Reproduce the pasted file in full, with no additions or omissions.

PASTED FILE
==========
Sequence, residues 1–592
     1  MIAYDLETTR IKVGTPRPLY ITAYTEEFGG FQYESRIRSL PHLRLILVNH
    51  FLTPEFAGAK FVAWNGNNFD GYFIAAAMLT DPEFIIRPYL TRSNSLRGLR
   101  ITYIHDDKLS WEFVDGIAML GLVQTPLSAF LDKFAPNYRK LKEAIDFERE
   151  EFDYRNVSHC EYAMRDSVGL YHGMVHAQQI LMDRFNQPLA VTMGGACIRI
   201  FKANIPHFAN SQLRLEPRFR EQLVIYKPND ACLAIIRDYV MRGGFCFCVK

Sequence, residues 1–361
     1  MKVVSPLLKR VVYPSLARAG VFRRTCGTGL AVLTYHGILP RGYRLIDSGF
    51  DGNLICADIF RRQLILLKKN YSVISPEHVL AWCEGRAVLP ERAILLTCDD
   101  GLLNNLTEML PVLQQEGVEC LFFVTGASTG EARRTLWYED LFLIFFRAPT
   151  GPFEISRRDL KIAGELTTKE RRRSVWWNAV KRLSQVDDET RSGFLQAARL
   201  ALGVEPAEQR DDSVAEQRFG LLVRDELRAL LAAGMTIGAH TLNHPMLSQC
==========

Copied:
Sequence, residues 1–592
     1  MIAYDLETTR IKVGTPRPLY ITAYTEEFGG FQYESRIRSL PHLRLILVNH
    51  FLTPEFAGAK FVAWNGNNFD GYFIAAAMLT DPEFIIRPYL TRSNSLRGLR
   101  ITYIHDDKLS WEFVDGIAML GLVQTPLSAF LDKFAPNYRK LKEAIDFERE
   151  EFDYRNVSHC EYAMRDSVGL YHGMVHAQQI LMDRFNQPLA VTMGGACIRI
   201  FKANIPHFAN SQLRLEPRFR EQLVIYKPND ACLAIIRDYV MRGGFCFCVK

Sequence, residues 1–361
     1  MKVVSPLLKR VVYPSLARAG VFRRTCGTGL AVLTYHGILP RGYRLIDSGF
    51  DGNLICADIF RRQLILLKKN YSVISPEHVL AWCEGRAVLP ERAILLTCDD
   101  GLLNNLTEML PVLQQEGVEC LFFVTGASTG EARRTLWYED LFLIFFRAPT
   151  GPFEISRRDL KIAGELTTKE RRRSVWWNAV KRLSQVDDET RSGFLQAARL
   201  ALGVEPAEQR DDSVAEQRFG LLVRDELRAL LAAGMTIGAH TLNHPMLSQC